Federal officials heard from a cross-section of the public on Monday night as part of their scrutiny of the St. Anthony Police Department following the fatal shooting of Philando Castile during a traffic stop last July.

More than 200 people showed up in the gym of Falcon Heights Elementary school for the first of three listening sessions by the Justice Department’s office of Community Oriented Policing Services (COPS).

One Justice Department official warned that their eventual findings based on community input will not be court-mandated or binding. Said another federal official at the start: “We cannot investigate individual cases, but we can recognize patterns and practices in the department.”

They listened to story after story from people of varying ages and races.

Many black speakers told about police harassment and traffic stops for minor infractions. One person identified herself as a cousin of Castile. Many said they have no faith that anything will actually change, and many expressed frustration that there will be no justice for Castile.

“Philando got murdered because he ‘looked like’ somebody,” said John Thompson, a friend of Castile who worked with him J.J. Hill elementary school in St. Paul. Thompson said he was pulled over by police just yesterday for a broken turn signal. “They are terrorizing my community,” he said. “Every time those disco lights come on behind me, I am in fear for my life. I have zero faith in any process except for a full-blown investigation into the man who killed my friend.”

Federal authorities announced in December that they will spend at least the next two years auditing and seeking to improve the practices and policies of the St. Anthony Police Department in hopes of creating a model for law enforcement across the country.

St. Anthony city officials requested intervention from the Justice Department a few months ago after one of its officers, Jeronimo Yanez, fatally shot the 32-year-old Castile on July 6 on Larpenteur Avenue in Falcon Heights. The officer has said that Castile, a black man, resembled the description of a robbery suspect and pulled him over. Yanez, who is Hispanic, was charged with felony manslaughter in November.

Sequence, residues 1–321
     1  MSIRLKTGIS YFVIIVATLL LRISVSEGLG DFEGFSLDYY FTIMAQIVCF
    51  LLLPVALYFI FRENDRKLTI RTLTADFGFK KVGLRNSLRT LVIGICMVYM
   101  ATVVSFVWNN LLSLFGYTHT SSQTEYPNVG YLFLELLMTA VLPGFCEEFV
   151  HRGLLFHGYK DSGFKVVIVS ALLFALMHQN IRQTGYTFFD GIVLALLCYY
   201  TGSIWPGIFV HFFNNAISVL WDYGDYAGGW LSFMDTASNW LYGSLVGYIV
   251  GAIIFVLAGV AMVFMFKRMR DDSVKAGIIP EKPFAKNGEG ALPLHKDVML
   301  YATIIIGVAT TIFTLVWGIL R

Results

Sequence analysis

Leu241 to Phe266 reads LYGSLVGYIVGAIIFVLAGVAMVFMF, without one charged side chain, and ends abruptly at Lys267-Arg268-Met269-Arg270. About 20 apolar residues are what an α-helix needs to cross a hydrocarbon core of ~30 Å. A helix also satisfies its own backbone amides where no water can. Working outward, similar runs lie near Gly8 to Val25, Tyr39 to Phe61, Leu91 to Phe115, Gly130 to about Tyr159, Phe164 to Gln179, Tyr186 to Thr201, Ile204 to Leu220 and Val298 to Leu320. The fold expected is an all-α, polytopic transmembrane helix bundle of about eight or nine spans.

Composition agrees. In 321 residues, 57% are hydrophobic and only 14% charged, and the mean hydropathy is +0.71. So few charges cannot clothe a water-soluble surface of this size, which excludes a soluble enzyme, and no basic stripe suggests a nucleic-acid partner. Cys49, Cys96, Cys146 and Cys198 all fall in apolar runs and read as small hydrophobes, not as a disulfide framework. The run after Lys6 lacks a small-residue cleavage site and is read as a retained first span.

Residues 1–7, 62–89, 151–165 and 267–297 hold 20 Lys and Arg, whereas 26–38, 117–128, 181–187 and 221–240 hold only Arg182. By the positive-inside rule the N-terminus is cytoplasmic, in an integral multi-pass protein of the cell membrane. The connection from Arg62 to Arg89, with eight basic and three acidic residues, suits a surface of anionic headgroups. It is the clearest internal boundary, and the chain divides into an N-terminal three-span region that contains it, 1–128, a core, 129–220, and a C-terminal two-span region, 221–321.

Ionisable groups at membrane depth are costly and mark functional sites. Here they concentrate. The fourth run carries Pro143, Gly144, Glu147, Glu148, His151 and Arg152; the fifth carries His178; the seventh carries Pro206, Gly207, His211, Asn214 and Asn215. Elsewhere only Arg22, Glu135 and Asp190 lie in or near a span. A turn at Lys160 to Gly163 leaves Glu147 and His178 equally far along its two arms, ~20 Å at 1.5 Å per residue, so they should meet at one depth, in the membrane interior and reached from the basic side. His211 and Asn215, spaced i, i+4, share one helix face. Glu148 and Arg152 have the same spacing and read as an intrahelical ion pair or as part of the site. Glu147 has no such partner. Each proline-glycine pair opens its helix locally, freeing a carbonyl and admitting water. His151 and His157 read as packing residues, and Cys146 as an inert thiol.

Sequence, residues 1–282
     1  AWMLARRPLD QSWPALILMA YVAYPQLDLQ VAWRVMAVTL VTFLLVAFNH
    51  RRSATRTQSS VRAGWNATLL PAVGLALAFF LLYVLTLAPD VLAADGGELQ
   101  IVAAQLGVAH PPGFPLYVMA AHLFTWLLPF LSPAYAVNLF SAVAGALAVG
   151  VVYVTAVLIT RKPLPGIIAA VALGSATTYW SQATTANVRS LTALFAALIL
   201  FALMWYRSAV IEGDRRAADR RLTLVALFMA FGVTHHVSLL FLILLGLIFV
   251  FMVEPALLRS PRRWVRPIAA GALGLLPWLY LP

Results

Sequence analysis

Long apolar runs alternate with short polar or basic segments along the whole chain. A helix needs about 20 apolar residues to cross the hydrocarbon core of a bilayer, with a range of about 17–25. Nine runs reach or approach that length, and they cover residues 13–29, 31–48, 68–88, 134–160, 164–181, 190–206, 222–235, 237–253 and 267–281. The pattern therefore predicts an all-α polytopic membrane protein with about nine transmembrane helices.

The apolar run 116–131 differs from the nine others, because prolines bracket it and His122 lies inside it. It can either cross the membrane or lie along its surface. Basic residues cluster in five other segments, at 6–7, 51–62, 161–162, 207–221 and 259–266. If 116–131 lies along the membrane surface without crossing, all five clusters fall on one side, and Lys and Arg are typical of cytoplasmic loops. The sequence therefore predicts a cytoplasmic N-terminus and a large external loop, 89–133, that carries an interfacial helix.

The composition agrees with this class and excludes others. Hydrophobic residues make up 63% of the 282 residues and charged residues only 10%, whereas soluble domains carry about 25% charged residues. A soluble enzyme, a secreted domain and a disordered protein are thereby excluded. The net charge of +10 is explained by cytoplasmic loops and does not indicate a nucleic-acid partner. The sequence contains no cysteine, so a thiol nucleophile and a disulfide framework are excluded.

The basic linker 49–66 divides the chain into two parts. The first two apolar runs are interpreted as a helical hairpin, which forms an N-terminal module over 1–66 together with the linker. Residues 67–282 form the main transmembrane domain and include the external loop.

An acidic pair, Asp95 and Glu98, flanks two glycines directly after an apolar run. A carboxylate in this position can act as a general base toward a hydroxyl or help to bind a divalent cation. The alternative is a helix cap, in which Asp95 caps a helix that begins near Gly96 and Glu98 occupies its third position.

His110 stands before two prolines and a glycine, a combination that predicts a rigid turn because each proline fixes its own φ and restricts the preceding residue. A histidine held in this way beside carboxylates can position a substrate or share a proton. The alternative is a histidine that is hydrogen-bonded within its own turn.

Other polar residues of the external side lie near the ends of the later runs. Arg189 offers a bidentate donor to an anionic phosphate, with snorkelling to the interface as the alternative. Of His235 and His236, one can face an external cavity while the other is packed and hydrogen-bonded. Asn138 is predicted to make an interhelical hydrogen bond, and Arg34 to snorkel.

At Falcon Heights City Council meetings and listening sessions there, many members of the public filled out comment cards, detailing what they wanted, why and when. Some expressed anger; others support of elected officials, the police department and Yanez himself.

“I want to know that steps will be taken to prevent similar tragedies in the future,” one person wrote.

Another person wrote that they were concerned about “the disproportionate stopping and ticketing of people in our community. I’ve had to meet my friends of color in other areas of the metro because of the threat they face in coming to this community.”

Another, who said they have lived in Falcon Heights for 41 years, wrote that “The very unfortunate police shooting in July was the first controversial incident I can recall in my 58 years of driving this corridor. ... We should for sure not form a conclusion until the investigation is completed and then understand that a single incident does not automatically call for wholesale changes to an otherwise successful system.”

St. Anthony’s voluntary request for intervention makes the St. Anthony Police Department the 16th — and the smallest — in the nation to be studied by the COPS Office. The city has a sworn force of 23 officers and contracts with the cities of Falcon Heights and Lauderdale to provide police services.

The DOJ studies take two years or longer and look at such things as traffic stops, recruitment, police use of force and the department’s internal system for addressing complaints. The audit will not investigate individual incidents or officers.

COPS Office Director Ronald Davis last month provided a general outline of how the St. Anthony review will proceed: Federal authorities will spend the next eight to 10 months working with experts to analyze the department. It will include a review of department policies, thousands of pages of documents, ride-alongs, listening sessions with the public and conversations with police officers.

The office will issue a report, which will also be available to the public. Federal authorities will then spend the next 18 months working with the city to implement recommended changes. Two progress reports will be issued.

The public can contact or send comments to SaintAnthonyPD.CRITA@usdoj.gov.

 

Staff writer Paul Walsh contributed to this report.